• New Zealander becomes youngest LPGA major winner at 18
• Ko seals Evian Championship title with closing round of 63
In this, the week of the 14th Solheim Cup, women’s golf is dominated by a player who will not feature at the St Leon-Rot club in Germany.
Lydia Ko’s propensity to claim the spotlight was well known before she became the youngest major champion on Sunday but the nature of the 18-year-old’s triumph was notable – a final round of 63 at the Evian Championship afforded the New Zealander a six-shot success. She led by five on the 72nd tee before adding a birdie to stamp her superiority over the 20-year-old Lexi Thompson. It was Thompson who held the lead with the final round to play.
Ko was to shed uncharacteristic tears of joy, a nod to the pressure which had been on her to win at this level, even at such a young age. It is to her credit such attention has not negatively impacted on her golf.
If Ko was not recognised as a sporting phenomenon, she will be now; this victory was her ninth as a professional and fourth of 2015. All that had been missing was Ko’s first major victory, as inevitable as its arrival has been for some time. At 18 years, four months and 20 days, this was Ko’s moment.
“Winning at any age is amazing at a major and all players want to peak at their best at a major,” Ko said. “To say that I’m the youngest in history for now … it’s so cool. But the big thing for me is I won’t be asked that question [about an attempt to become the youngest winner in history]. Even if I didn’t win this one, I think I would have been really relieved because I’d be too old for it by the time of the ANA Inspiration [in April 2016]. It’s great, and it’s amazing that I can leave my name, I guess a little bit, in the history books.”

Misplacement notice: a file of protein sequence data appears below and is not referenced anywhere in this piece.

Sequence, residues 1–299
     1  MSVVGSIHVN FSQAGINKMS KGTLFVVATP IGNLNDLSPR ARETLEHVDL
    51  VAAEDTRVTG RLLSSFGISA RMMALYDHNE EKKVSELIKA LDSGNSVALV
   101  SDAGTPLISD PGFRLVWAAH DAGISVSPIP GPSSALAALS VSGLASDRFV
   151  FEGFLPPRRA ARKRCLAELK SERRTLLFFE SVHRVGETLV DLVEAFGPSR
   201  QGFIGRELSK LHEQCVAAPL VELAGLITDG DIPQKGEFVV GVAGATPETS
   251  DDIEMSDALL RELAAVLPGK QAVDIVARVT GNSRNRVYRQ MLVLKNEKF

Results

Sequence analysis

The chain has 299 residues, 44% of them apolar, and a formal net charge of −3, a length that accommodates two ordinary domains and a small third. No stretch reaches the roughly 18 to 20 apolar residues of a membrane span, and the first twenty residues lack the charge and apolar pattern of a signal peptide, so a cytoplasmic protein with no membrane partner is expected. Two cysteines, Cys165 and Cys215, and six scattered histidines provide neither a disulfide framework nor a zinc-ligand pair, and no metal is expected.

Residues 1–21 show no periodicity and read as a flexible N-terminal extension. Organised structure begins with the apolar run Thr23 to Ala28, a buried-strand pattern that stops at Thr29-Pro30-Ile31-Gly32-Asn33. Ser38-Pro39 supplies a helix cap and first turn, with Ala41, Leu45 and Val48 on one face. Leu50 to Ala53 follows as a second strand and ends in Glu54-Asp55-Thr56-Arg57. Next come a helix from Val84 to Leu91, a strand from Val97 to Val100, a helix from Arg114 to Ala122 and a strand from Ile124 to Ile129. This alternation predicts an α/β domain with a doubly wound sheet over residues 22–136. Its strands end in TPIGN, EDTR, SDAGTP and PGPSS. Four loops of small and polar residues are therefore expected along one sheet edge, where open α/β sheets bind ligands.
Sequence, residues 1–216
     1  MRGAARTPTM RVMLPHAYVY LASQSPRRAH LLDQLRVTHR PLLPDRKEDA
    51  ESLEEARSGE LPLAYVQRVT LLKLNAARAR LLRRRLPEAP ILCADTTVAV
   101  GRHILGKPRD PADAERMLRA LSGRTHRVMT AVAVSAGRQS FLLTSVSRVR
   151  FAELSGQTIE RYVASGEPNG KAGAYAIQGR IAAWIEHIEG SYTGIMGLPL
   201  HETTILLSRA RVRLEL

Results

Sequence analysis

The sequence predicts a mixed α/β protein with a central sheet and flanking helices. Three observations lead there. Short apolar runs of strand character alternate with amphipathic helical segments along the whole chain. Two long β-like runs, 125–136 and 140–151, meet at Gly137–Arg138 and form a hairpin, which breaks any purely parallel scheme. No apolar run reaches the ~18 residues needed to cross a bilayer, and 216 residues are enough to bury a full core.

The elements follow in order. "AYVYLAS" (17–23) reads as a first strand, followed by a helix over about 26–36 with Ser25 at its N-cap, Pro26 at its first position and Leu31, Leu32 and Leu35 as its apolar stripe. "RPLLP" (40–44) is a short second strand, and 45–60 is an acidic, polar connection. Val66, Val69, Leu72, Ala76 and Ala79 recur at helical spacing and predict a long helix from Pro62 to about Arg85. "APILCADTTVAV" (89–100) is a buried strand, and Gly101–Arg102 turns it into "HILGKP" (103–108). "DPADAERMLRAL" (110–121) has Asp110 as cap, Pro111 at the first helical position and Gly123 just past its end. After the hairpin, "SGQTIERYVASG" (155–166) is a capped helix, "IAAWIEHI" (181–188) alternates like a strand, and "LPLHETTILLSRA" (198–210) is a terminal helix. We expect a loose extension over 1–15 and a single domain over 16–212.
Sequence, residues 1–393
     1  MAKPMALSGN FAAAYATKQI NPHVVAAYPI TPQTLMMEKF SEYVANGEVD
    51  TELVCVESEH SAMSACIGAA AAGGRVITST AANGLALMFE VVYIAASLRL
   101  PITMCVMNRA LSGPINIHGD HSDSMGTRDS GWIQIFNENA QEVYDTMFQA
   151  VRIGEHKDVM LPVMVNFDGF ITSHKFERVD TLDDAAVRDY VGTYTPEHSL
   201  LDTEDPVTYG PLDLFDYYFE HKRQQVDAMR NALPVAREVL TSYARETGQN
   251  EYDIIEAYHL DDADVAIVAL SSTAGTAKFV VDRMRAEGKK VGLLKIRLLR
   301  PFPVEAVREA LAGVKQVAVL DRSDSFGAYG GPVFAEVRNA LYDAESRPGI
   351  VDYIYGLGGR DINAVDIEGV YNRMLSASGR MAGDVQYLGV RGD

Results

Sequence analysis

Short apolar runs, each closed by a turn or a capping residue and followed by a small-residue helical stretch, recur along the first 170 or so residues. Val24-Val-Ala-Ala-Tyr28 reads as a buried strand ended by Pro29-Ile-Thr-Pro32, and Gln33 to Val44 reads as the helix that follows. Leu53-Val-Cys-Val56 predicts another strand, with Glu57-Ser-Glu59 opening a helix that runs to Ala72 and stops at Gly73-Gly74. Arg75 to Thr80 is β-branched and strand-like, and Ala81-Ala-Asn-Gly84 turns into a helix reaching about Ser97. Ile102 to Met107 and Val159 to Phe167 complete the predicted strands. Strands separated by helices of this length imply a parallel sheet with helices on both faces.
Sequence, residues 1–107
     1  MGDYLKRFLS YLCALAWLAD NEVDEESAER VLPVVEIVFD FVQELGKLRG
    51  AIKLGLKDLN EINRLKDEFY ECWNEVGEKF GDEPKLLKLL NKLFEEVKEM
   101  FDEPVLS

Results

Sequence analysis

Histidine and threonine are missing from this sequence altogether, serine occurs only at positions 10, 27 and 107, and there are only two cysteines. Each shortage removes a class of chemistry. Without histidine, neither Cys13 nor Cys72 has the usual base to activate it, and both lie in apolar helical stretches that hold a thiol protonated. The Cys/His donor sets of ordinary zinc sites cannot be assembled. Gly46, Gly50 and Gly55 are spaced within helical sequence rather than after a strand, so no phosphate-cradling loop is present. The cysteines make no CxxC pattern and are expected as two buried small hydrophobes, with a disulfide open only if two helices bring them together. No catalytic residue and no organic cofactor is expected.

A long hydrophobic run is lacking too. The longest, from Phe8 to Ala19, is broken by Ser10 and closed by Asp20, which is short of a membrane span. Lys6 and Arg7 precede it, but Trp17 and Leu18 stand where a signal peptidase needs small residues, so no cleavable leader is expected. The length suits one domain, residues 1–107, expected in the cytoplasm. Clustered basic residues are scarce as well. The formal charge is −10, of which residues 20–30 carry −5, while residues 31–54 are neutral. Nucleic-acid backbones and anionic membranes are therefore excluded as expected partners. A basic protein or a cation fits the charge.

Ko’s progress is a nod to the enduring talent of her coach, David Leadbetter. In the 80s, he guided Nick Faldo towards a series of major wins. Three decades on, he has a new star pupil. Leadbetter, like golf itself, has moved with the times.
Leadbetter praised Ko’s temperament in the aftermath of her French procession. “It’s a great trait to have, she’s neither too far up nor down,” he said. “When she’s hitting the ball well I wouldn’t say she’s unbeatable but she’s always there.
“At the age of 18 it’s incredible what she’s done, and the potential for the future. The floodgates will really open now she’s won her first major. The confidence is there, she’s really ready to take the game by the scruff of the neck.”
The question of how deep-rooted Ko’s success can be is unavoidable. As a 15-year-old amateur, she won an LPGA Tour title. With another barrier broken down, there are unavoidable comparisons with a one-time teenage prodigy of the men’s game – Tiger Woods.
Ko’s targets are more simple. Should Olympic golf need the effusive backing of a blue-chip star, it need look no further. “One of my big goals is the Olympics,” she said. “It’s only around the corner. It’s less than a year from now. I think the first time it was announced, I was like: ‘Man, I really want to be playing in the Olympics.’
“Ever since it’s been announced, I’ve been super excited to play. To play for your country on the international stage, it’s an amazing experience, and I’ve met some Olympians; they say nothing is like it. I think that is one of my big goals. It’s always been my big goal.”
First, Ko can look on in relaxed mood as Europe and the USA do battle. “I’ve got a great three weeks off, so I’ll be going back to Orlando, taking a couple of days off,” she said. “This has been a busy week and I’m sure it will be for a week or so.
“But now I just kind of need to go back to square one, do my basic practices and work my way towards the Asia Swing [of the LPGA tour]. I’m pretty sure it’s going to be a great couple weeks in Asia. I kind of have to think of this in the back of my mind, enjoy it, but also prepare for what’s coming up next.”
It isn’t just the brilliant Ko who is contemplating what the future has in store.